Politics

Facebook, Twitter, YouTube Say They Don't Censor Conservatives

Judiciary Chairman Robert W. Goodlatte, R-Va., and other Republicans are accusing social media companies of censoring conservatives, even as the firms have sought to crack down on fake accounts. (Tom Williams/CQ Roll Call file photo)

Executives from the world’s top social media companies tried to reassure Republicans on the House Judiciary Committee Tuesday that their platforms do not censor or control conservative content and commentary, contrary to assertions by some lawmakers about the companies’ practices.

While social media companies such as Facebook, YouTube, and Twitter have been removing false accounts, fake ads, and banning foreign government-owned propaganda outlets, lawmakers said some of them also have been restricting conservative content.

There are “numerous stories in the news of content that’s still being unfairly restricted,” Rep. Robert W. Goodlatte, R-Va., chairman of the House Judiciary Committee said in his opening remarks at the hearing to examine the content filtering practices of social media companies. “For example, Facebook automatically blocked a post from a Texas newspaper that it claimed contained hate speech” when in fact the newspaper had published the Declaration of Independence just before Independence Day on July 4, Goodlatte said.

In a committee hearing held in April to examine the same topic, Goodlatte said that while social media companies were “exercising great care and discretion to ensure that their services are not abused,” there is a “fine line between removing illegal activity and suppressing free speech.”

Goodlatte and other Republicans on the panel at Tuesday’s hearing also pushed company executives to say why content on their platforms cannot be considered as publishing or broadcasting and therefore subject to rules that apply to television and other broadcasting platforms.

Laws, including Sec. 230 of the Telecommunications Communications Act (PL 104-104) that says providers of internet services shall not be treated as publishers, may need to be reexamined, Goodlatte said. And operators of social media platforms need to “do a better job explaining how they make decisions to filter content and the rationale for why they do so,” he said.

Company executives said they use a combination of advanced artificial intelligence-based technologies and human operators to monitor and filter content that may violate company rules.

“Our policies do not target particular political beliefs,” Jennifer Downs, director of public policy and government relations at YouTube told the committee. “To determine when videos should be removed, demonetized, or age restricted, we look at the context, including whether content is clearly documentary, educational, or satirical.”

At Facebook, which has hired thousands of fact checkers, “discussing controversial topics or espousing a debated point of view is not at odds with our community standards,” said Monika Bickert, the company’s vice president for global policy told the committee.

Twitter, which has been removing hundreds of thousands of fake accounts and bots operated by Russian troll factories, is making sure legitimate voices can be heard, Nick Pickles, senior strategist at Twitter told the committee.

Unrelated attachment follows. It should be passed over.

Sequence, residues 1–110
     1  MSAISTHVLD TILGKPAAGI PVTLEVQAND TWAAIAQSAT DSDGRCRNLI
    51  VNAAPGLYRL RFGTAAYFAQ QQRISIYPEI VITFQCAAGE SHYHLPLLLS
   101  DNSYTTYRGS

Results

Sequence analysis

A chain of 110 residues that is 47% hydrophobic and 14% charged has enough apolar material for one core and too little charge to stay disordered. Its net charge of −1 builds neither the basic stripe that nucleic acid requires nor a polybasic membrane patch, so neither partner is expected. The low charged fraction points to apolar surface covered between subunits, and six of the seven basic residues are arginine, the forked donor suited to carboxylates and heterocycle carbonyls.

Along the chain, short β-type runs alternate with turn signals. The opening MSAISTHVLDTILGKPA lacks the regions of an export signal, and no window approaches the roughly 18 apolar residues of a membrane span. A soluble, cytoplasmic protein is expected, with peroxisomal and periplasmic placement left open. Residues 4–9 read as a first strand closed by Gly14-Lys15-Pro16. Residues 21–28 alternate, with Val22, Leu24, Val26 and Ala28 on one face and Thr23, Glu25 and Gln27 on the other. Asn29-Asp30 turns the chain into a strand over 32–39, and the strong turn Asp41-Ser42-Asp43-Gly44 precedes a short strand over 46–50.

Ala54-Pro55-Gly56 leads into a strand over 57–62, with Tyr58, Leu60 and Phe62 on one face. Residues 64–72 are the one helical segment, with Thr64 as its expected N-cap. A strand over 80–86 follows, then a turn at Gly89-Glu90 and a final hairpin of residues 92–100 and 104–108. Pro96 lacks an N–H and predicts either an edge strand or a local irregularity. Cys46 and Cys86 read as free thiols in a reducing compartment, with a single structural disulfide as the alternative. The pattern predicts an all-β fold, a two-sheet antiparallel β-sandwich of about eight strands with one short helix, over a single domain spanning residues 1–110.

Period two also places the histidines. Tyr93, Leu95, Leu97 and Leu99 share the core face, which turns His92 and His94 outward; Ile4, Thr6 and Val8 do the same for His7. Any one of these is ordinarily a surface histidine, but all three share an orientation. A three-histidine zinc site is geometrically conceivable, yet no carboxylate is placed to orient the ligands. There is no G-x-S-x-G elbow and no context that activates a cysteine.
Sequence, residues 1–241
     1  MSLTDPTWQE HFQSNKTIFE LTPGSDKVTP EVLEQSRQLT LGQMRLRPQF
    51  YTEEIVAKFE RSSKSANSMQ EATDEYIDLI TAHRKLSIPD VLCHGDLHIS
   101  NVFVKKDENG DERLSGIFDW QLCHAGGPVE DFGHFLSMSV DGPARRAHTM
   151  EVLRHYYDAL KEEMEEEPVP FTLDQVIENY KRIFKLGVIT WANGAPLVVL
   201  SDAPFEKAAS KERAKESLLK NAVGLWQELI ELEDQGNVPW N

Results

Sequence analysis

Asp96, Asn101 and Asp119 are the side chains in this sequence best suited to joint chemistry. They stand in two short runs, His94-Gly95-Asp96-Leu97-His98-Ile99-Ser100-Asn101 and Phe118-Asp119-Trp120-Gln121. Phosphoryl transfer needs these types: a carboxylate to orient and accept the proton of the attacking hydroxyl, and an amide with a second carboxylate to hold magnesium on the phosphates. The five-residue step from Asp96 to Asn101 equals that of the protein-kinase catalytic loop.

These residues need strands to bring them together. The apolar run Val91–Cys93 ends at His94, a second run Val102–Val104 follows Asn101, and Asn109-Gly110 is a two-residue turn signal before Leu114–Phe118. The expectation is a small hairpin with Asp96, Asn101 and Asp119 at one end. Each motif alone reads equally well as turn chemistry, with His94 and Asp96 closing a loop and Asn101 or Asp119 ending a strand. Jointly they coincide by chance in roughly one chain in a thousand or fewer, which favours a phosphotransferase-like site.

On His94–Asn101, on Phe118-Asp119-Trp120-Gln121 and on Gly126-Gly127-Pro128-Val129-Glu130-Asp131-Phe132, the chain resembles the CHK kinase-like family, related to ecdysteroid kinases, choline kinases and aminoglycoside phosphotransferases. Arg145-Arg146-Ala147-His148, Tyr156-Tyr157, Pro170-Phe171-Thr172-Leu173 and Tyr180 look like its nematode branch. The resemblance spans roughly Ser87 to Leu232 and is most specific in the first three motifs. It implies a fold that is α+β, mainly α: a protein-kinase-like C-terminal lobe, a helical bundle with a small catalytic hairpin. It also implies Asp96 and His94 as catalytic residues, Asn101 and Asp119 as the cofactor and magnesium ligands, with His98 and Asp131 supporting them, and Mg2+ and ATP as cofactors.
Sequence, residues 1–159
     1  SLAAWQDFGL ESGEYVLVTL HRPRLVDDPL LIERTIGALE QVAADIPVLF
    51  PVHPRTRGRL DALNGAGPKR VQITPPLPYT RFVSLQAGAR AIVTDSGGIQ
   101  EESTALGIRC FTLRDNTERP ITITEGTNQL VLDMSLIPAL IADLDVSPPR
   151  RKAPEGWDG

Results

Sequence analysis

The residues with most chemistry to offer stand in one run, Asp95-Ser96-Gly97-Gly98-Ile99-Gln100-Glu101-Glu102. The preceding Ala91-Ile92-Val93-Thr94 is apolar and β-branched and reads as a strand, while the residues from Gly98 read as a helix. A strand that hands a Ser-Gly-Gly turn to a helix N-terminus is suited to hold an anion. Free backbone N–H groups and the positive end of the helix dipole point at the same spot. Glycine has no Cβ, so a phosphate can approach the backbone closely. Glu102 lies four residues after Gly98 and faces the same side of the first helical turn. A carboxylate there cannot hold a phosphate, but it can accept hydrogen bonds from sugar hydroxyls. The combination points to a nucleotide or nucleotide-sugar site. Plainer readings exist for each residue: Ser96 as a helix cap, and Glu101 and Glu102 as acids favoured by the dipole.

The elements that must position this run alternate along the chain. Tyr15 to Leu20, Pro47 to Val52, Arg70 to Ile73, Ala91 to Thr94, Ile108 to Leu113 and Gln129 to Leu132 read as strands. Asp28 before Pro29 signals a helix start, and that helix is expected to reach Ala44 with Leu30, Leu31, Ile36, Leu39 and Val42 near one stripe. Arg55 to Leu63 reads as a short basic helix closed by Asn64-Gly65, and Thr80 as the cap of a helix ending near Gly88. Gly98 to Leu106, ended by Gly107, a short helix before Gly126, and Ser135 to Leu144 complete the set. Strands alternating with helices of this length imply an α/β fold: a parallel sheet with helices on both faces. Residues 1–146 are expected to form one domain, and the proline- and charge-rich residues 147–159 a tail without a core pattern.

“Due to technology and process improvements during the past year, we are now removing 214 percent more accounts for violating our spam policies on a year-on-year basis,” Pickles said. “At the same time, the average number of spam reports we received through our reporting flow continued to drop — from an average of approximately 25,000 per day in March, to approximately 17,000 per day in May. We’ve also seen a 10 percent drop in spam reports from search as a result of our recent changes.”

Democratic Pushback

Democrats on the committee said Republicans should be more concerned about President Donald Trump’s comments at the news conference in Helsinki where he backed Russian President Vladimir Putin while challenging U.S. intelligence agency assessments that the Kremlin had interfered in the 2016 election.

Rep. Jerrold Nadler, D-N.Y., the top Democrat on the panel, offered a motion that the committee hold a closed door hearing to examine evidence from Special Counsel Robert S. Mueller III’s latest indictment in light of Trump’s dismissal of U.S. intelligence findings. But the motion was rejected 10-12 on a party line vote.

Rep. Zoe Lofgren, D-Calif., said the hearing was “motivated by a sense of persecution by Republicans and conservatives, when they have a majority” in Congress, and won the White House. Lofgren cited analysis that showed conservative views have three times more user engagement on social media platforms than liberal views. She said Republicans have not provided any evidence of bias against conservative views on social media platforms.

Nevertheless, Rep. Darrell Issa, R-Calif., said Google’s practice of scraping information from sites like Wikipedia and others and offering it up to users searching for information, instead of just providing links, means that Google and others could be made responsible for content on their platform and should be subject “to litigation under the standards of care that other media are held to.”

Facebook’s Bickert and YouTube’s Downs said that the protection offered to internet and online companies under current law is essential and has enabled their companies and others to thrive. Both of them said that social media companies only enable content created by users to be disseminated through their platforms.

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